PS: As Cooke’s editors point out, you can help out with Mr. Van Gilder’s defense here.

PPS: And this isn’t the first time New Jersey prosecutors have tried to curb-stomp the Second Amendment.


American political scientists downgrade our fourth-greatest president ever

February 17, 2015
"Tell me you love me!"

“Tell me you love me!”

Via The Washington Examiner, the results of this survey should have Obama running to his mirror for reassurance:

According to a Brookings Institution survey of American Political Science Association scholars, they put Obama on the worst, not best, list by a margin of nearly three-to-one. Here’s how Brookings wrote it: “Those who view Obama as one of the worst American presidents outnumber those who view him as one of the best by nearly a 3-1 margin.”

And, the friendly think tank added, “nearly twice as many respondents view Obama as over-rated than do those who consider him under-rated.”

Overall, Brookings said, “Few think of Obama as an excellent president, while many more rate his presidency quite low, with the bulk of experts appearing to give him a passing grade but not one that would get him on the Dean’s list.”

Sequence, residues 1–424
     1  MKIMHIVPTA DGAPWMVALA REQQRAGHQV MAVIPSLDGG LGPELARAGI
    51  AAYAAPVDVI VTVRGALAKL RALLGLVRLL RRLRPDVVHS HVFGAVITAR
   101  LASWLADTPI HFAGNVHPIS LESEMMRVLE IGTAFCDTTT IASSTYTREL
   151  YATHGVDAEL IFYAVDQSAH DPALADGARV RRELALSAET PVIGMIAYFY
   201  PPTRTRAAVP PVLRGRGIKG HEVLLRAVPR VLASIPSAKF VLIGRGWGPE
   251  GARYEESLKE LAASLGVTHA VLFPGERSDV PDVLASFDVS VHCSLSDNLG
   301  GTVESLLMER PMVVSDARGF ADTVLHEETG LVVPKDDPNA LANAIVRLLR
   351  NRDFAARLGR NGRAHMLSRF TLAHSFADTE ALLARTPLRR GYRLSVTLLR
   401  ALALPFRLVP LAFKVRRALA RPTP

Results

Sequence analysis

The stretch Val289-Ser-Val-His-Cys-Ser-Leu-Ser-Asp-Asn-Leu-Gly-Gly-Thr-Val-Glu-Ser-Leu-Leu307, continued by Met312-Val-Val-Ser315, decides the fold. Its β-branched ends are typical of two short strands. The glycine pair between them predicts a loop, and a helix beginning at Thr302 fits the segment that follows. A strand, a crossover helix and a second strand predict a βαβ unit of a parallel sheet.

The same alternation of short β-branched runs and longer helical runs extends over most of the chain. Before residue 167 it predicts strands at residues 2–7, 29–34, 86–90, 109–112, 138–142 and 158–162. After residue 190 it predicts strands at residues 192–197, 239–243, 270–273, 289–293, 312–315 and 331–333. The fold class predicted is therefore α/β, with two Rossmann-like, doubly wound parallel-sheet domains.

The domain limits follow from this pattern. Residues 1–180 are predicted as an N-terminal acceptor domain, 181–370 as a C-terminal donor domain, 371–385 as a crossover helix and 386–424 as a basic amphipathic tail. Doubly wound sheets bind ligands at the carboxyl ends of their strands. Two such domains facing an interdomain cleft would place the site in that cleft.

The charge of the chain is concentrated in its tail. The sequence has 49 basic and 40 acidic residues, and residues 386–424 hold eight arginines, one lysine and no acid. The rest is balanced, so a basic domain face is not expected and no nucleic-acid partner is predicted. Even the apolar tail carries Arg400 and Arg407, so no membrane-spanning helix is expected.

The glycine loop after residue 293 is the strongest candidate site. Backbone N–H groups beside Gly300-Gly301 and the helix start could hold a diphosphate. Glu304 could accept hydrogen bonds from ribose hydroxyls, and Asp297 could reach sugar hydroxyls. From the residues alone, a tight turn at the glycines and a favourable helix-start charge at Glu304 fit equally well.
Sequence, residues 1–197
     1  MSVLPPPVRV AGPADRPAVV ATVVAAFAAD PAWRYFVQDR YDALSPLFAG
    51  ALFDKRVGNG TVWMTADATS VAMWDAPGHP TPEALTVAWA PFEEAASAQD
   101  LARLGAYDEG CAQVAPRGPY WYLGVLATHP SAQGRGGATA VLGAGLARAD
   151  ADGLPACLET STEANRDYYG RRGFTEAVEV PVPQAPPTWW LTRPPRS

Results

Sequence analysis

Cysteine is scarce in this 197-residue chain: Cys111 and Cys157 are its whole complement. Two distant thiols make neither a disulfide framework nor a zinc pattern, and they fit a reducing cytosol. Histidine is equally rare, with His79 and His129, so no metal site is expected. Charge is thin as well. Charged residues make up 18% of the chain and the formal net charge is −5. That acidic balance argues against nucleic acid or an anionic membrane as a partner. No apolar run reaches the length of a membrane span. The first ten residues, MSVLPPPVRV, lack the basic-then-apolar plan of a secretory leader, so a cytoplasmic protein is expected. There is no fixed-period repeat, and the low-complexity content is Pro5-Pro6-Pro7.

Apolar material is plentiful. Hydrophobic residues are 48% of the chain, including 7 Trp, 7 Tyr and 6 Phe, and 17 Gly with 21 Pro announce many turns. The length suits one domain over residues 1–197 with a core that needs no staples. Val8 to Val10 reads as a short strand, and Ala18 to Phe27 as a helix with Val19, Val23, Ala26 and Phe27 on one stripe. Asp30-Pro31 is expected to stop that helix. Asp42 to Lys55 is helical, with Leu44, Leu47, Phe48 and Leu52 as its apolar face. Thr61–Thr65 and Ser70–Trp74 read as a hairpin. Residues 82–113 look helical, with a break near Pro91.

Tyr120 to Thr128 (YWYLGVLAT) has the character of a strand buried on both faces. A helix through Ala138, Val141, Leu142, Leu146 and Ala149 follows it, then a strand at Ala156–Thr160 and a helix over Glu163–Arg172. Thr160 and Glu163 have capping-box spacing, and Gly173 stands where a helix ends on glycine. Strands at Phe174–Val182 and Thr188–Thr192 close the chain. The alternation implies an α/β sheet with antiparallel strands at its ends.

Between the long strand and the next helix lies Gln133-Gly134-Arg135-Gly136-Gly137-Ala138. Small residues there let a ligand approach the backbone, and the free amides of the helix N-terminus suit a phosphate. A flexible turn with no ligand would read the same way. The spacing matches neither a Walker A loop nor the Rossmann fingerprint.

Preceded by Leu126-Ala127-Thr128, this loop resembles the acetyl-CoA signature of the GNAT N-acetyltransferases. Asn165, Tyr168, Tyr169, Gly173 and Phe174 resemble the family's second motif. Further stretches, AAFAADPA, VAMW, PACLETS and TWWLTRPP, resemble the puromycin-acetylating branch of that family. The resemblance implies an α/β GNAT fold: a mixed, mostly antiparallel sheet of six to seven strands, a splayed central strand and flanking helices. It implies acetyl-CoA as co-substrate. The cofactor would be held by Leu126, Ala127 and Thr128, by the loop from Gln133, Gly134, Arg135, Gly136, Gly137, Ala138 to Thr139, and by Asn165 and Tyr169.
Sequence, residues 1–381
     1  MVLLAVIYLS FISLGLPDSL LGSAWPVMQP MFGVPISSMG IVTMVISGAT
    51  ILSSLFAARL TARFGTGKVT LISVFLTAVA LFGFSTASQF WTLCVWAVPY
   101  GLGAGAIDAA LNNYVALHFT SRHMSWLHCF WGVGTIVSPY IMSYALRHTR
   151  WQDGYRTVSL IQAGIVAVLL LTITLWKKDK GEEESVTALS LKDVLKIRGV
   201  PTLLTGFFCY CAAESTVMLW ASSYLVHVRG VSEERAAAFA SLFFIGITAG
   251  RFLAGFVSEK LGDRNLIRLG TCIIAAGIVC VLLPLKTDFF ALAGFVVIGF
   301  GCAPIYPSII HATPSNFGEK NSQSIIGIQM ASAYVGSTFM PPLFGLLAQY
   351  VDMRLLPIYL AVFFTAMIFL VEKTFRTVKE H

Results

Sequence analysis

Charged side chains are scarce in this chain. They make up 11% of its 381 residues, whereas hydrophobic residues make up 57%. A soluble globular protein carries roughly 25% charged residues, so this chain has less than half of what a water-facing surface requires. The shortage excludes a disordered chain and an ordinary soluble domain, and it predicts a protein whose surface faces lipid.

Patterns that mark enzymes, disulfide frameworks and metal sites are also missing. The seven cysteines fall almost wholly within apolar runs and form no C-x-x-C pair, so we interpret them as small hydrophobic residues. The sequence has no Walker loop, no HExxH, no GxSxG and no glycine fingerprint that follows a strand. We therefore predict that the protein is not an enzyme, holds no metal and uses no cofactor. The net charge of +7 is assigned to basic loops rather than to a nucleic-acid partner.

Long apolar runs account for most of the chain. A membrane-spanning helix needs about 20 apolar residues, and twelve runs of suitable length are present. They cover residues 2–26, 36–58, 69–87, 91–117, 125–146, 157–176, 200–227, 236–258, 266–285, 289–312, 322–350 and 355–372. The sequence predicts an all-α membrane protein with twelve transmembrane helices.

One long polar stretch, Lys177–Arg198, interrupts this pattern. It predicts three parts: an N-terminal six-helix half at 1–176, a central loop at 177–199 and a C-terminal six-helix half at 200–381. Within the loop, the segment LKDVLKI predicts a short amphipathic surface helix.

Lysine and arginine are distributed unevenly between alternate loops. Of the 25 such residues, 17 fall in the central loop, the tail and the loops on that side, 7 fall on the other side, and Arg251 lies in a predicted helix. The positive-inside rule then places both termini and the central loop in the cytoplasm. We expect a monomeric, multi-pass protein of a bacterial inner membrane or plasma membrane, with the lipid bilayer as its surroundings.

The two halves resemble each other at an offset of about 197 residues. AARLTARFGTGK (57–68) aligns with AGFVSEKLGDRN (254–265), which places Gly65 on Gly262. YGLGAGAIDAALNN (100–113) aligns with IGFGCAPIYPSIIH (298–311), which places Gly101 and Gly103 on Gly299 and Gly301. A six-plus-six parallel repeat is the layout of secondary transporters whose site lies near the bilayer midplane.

The survey was sent to 391 members of the American Political Science Association’s Presidents & Executive Politics section, the premier organization of experts of the American presidency, and 162 participated online.

First, let’s note that Brookings is not what one would call a “conservative” institution, so, if they have any bias, it likely runs in the other direction. Second, the APSA itself has a very liberal bent, so we can imagine that while it hurt to ding Obama, some of that criticism probably came from the Left, disappointed that he hasn’t gone far enough. Regardless, it’s a far cry from the fawning euphoria felt by those who greeted him as the second coming of FDR and those halcyon days when he was granted a Nobel peace Prize before he had done anything. (1)

Then again, FDR’s economic policies were largely a failure, so maybe the comparison was apt, after all.

Still, “the worst” by a 3-1 margin? There can be only one explanation: racism.

Don’t they know he’s the fourth-greatest president, ever?

Footnote:
(1) Then again, that is likely to be remembered as the high point of his administration….

UPDATE: Changed the headline from the original, since, the more I thought about it, the more it seemed tendentious.


Should Government Regulators Make the Internet More Like the Post Office or DMV?

February 15, 2015

Phineas Fahrquar:

I’ll take Option C, “neither.”

Originally posted on International Liberty:

The Internet has made all of our lives better, in part because there’s been an accidental policy of benign neglect from Washington.

But that’s about to change.